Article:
The technical interview. In my case I had a fairly straightforward experience. I was interviewing for the recommendations team, so I was asked questions about how to make recommendations, how I could quantify different things, and how I would approach different problems. The ideal interview starts out with a simple question (e.g. how do we generalize from population X to population Y?) and escalates a bit toward more complex and nuanced questions (what methods could you use to do this), or a bit of suggestions about alternative methods. Whether this interview has a strong coding component varies by company I think — I’ll talk about other ways that this interview can go in later posts. But at Stitch Fix I actually had two technical interviews, I think because I was pretty junior (still in graduate school) and, nominally, because I wasn’t local and they would need to fly me out. I ended up getting a fairly similar interview to the first one, but asking slightly different questions, more methodological. Again, every call ends with the phrase next steps.
The onsite. Sometimes you get lunch! Sometimes they schedule you for first thing in the morning. At Stitch Fix I had most of the afternoon scheduled, something like 1-5pm. I talked with the hiring manager, several people closer to the team I would be working with, and someone who was mostly there to make sure I was a good person and fit the general philosophy about team members (“bright, kind, and goal-oriented”). I don’t remember a lot of what got talked about, but some of the interviews were about my research to date and tools I’d used, some were stats questions (e.g. how many degrees of freedom are there in an interaction? law of large numbers, etc.) and many others were building up to an approach (how do you estimate how good someone is at their job?). In all, I had no idea what to expect, but during my last meeting my future manager told me I’d have to talk with his boss, which was simultaneously a “fit” interview, and an informational one. I literally had this call in my hotel room at CUNY in 2016, right after a totally deflating postdoc “audition.”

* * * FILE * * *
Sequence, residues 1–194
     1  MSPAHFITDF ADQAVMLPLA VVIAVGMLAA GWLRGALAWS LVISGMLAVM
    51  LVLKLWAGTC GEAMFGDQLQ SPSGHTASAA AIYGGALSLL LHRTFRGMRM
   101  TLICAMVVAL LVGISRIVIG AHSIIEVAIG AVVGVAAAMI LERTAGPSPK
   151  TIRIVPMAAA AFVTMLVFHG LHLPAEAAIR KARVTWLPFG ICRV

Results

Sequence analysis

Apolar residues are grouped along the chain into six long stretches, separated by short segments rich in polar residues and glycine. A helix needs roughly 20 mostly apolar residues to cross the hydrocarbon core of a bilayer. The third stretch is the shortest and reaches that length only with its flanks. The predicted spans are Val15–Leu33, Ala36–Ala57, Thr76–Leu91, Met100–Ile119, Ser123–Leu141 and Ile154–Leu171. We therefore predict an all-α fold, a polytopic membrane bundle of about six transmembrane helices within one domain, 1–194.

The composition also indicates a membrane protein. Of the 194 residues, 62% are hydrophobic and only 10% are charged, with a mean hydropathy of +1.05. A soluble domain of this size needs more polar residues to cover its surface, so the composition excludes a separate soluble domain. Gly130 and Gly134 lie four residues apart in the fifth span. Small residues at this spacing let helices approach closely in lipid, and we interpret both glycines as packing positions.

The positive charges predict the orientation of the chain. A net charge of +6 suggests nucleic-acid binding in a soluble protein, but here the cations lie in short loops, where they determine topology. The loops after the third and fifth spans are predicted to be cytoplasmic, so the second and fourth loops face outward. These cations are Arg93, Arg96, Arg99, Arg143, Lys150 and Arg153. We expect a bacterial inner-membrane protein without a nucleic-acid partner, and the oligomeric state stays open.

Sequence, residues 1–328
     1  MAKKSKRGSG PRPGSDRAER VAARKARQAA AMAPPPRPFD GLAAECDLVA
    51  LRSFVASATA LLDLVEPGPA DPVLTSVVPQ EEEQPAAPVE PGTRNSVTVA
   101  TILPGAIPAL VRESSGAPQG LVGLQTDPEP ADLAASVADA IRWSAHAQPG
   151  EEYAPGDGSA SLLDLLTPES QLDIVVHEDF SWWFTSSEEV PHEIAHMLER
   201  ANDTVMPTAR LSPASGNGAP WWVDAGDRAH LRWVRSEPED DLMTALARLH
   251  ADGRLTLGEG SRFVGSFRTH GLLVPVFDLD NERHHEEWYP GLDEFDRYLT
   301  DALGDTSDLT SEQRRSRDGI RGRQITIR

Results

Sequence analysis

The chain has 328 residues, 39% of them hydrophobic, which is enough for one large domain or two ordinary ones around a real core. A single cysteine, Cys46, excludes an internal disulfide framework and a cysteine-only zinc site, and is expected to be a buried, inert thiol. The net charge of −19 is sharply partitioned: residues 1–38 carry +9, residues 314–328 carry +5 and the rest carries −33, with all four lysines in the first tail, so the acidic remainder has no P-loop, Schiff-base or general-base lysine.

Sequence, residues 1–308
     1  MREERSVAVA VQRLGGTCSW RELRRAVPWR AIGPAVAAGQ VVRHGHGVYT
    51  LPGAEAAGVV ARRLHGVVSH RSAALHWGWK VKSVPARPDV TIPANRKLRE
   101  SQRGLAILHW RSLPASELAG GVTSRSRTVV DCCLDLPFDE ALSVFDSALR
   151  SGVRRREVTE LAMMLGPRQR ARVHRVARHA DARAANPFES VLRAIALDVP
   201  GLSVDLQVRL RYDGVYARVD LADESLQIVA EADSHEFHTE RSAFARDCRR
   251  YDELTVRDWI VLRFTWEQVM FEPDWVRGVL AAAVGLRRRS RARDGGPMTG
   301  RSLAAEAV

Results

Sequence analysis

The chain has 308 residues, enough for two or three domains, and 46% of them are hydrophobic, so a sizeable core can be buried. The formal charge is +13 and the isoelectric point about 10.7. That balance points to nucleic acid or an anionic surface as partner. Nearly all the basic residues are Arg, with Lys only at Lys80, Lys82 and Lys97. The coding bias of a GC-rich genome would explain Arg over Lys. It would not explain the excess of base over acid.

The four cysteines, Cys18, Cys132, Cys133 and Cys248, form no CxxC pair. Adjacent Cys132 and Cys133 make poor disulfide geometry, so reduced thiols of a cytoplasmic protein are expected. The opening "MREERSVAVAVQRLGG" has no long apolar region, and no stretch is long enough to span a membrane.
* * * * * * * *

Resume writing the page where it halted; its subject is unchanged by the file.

Was that it?
I mean, sort of. I got a call the next day and there was a subsequent call to talk about the details of an offer letter. I really had no idea what to expect out of any of this — it was a whirlwind of numbers and figures specific to joining a pre-IPO (not yet public) startup and I didn’t know how to interpret any of them.
But the thing I want to emphasize here is that literally everyone who’s gone through a PhD in psycholinguistics can get through data science interviews. In all likelihood, you have a good handle on best practices for working with your data. You know when to log transform a variable, you know why some aspects of your data look the way they do. You’ve got tons of experience working with imperfect data (behavior!) and can think about concrete explanations for why the data look like they do. Your whole career has probably been training you for A/B testing and you didn’t even know it.